Natural Remedies For Migraines Relief
Natural remedies for migraines and headaches from a life long Vaidya and researcher in Ayurveda.
What is a migraine?
Ranked sixth among disability causing diseases by the World Health Organisation (WHO), migraine is a primary headache disorder that is characterized by recurring attacks. Attacks typically include headache of moderate or severe intensity, mostly one-sided, pulsating in quality that is aggravated by routine physical activity, accompanied by nausea and vomiting. Duration of a migraine attack may vary from few hours to 2-3 days. Attack frequency is anywhere between once a year and once a week. In children, attacks tend to be of shorter duration and abdominal symptoms are more prominent. Natural remedies for migraine may help in managing the associated pain.
See: Migraine diet
How does migraine impact society?
Migraine is an intense and frequently painful type of headache. The term migraine comes from the Greek word hemikrania, meaning "half the head," since the classic migraine headache affects only one side of the individual's head. Migraines affect as many as 24 million people in the United States, and are responsible for billions of dollars in lost work, poor job performance, and direct medical expenses. Approximately 18% of women and 6 percent of men experience at least one migraine attack per year. Presently, just 1 in 11 Americans now suffers from migraines, more than three times as many are women, with most of them being between the ages of 30 and 49.
Two types of migraine are known. Eighty percent of migraine sufferers experience "migraine without aura" (common migraine). In "migraine with aura," or traditional migraine, the pain is preceded or accompanied by visual or other sensory disturbances, including hallucinations, partial obstruction of the visual field, numbness or tingling, or even a feeling of heaviness. Symptoms are often most prominent on one side of the body or head, and might start as early as 72 hours before the onset of pain. Natural ways to get rid of migraine depend on the type of migraine one has.
About 18% women and 6% men around the world suffer from migraine. According to the Global Burden of Diseases (GBD, 2000), a report released by the WHO, migraine was ranked 19th; when it first featured in the list of top causes of years lived with disability (YLDs) worldwide. However, the disease has ascended to sixth position as per GBD 2013. The WHO attributes 1.3% of all years lost to disability to migraine.
Besides causing debility, migraine brings substantial socioeconomic loss as well. 90% migraine sufferers report functional impairment during migraine episodes and over half report that their severe headaches result in substantial impairment of activity or the need for bed rest. 53.7% report that migraine episodes were associated with severe impairment or the need for bed rest, with just 7% reporting lack of impairment.
To measure its impact, let us look at some
global reports. For instance, according to the data of Hu et al. [Compiled from
1994 MEDSTAT medical claim data], the employers annually lose out an estimated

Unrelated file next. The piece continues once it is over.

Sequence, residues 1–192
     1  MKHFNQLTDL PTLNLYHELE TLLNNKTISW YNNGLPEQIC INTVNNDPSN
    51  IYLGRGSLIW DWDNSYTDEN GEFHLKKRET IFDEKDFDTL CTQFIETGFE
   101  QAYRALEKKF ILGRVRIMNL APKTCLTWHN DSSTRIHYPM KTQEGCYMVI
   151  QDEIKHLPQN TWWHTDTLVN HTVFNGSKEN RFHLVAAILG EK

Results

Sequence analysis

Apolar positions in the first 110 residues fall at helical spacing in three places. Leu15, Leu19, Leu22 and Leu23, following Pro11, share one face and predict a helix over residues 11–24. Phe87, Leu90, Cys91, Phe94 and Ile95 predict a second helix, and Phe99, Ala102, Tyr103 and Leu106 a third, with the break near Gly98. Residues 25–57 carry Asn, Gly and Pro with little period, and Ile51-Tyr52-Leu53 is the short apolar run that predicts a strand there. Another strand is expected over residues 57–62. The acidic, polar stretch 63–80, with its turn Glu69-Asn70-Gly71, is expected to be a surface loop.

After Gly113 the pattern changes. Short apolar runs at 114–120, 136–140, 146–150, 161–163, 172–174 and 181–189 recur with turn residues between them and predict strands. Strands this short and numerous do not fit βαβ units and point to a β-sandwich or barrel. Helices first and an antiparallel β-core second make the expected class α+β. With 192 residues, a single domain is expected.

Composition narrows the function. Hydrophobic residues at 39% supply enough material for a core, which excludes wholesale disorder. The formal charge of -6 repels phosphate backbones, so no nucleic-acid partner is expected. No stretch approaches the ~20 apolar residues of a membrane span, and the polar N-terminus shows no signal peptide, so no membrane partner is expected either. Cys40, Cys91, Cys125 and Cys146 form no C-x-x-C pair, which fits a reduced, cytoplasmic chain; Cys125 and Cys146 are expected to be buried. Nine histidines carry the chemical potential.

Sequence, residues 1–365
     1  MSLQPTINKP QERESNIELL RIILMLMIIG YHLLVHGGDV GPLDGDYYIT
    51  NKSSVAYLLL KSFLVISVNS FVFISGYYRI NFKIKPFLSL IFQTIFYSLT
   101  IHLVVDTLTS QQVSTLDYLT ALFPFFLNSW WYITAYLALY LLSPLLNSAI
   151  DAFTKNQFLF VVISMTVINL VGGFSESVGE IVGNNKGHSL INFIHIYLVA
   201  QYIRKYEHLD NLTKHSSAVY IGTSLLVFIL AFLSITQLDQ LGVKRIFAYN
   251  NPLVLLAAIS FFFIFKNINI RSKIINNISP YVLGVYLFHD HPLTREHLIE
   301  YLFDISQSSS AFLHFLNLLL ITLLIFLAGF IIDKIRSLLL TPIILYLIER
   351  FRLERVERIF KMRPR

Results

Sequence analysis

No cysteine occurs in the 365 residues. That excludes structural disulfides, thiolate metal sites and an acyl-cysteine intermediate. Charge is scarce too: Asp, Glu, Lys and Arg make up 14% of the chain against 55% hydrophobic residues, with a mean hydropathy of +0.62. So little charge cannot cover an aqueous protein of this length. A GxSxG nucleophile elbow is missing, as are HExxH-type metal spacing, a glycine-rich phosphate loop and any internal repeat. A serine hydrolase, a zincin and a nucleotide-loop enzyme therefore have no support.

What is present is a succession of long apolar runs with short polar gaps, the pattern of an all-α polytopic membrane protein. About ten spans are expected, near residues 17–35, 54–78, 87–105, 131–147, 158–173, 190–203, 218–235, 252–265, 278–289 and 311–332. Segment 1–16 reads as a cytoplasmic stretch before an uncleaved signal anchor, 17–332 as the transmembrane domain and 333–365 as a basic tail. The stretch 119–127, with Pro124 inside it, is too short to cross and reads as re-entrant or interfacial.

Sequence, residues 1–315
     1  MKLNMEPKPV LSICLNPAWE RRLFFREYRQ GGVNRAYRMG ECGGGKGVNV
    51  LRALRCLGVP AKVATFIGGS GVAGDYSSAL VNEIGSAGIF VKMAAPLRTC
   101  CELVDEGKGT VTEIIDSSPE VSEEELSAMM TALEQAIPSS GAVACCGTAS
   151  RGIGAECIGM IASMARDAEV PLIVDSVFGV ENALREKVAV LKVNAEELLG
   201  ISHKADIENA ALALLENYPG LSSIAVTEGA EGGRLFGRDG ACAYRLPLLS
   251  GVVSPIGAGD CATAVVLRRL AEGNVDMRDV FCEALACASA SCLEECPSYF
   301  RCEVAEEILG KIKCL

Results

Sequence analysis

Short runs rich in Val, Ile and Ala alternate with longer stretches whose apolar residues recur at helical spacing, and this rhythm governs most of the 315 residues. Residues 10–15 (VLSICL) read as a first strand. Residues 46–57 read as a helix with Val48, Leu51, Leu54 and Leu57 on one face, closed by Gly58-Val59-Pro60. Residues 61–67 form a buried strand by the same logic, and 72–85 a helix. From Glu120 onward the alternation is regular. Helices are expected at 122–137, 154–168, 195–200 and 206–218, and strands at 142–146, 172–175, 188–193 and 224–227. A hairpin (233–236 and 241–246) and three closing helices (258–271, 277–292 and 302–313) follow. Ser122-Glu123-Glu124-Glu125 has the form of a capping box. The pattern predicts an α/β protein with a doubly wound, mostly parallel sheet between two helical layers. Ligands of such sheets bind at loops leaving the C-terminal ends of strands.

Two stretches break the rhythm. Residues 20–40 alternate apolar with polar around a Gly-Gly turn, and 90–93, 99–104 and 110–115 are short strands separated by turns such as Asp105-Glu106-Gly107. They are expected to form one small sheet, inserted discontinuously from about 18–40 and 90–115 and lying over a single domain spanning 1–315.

$13 billion, if they employed migraineurs, this estimate is based on missed
workdays and functional impairment in the workplace, with approximately $8
billion directly attributed to missed workdays. Direct costs for migraine care
on an annual basis were estimated at approximately $1 billion. In the United
Kingdom, some 25 million working- or school-days are lost every year because of
See: Migraine Supplements
What Causes Migraine?
Researchers believe that migraine has a genetic cause. We still don’t understand the causes of migraine very well. But, a few factors trigger the onset of the excruciating pain--migraine. These factors can be dietary, environmental and lifestyle changes.
With fast changing lifestyle, intensity of migraine is induced because of stress, hunger, fatigue and hormonal influences, such as menarche, use of oral contraceptive, pregnancy, pre-menopause and menopause. In migraine without aura, these hormonal influences play a greater role. In many cases, intake of certain food items aggravates migraine symptoms. In several cases, dieting, delayed or irregular meals, dehydration, alcohol consumption, food containing high content of tyramine (such as dairy, meat, poultry and fish products), caffeine (such as tea and coffee) trigger migraine attacks. But in some cases, specific foods such as chocolate, citrus fruit or cheese may also trigger migraine. In fact, the environment also plays a significant role in migraine. Exposure to sun or any bright light, smoke, crowded places, loud noise, or any climatic change such as high humidity or very cold temperatures can trigger migraine.
Types of Migraine
There are many types of migraine, with different symptoms and natural healing methods.
a) Migraine without aura
This is the most frequent type of Migraine. Symptoms include moderate to severe pulsating headache pain that occurs without warning and is usually felt on one side of the head. It comes along with nausea, confusion, blurred vision, mood changes, fatigue, and increased sensitivity to light, sound, or smells. Attacks typically last 4-72 hours, and they repeat a few times a year to a few times a week. Depending on the type of migraine, one can learn how to get rid of the headache naturally.
b) Migraine with aura
This type of Migraine includes visual disturbances and other neurological symptoms that appear about 10 to 60 minutes before the actual headache and usually last no more than an hour. Patient may temporarily lose part or all of his vision. The aura may occur without headache, which can strike at any time. Less frequent aura symptoms include an abnormal sensation, numbness, or muscle weakness on one side of the body, a tingling sensation in the hands or face, trouble speaking, and confusion. Nausea, loss of appetite, and increased sensitivity to light, sound, or noise may precede the headache.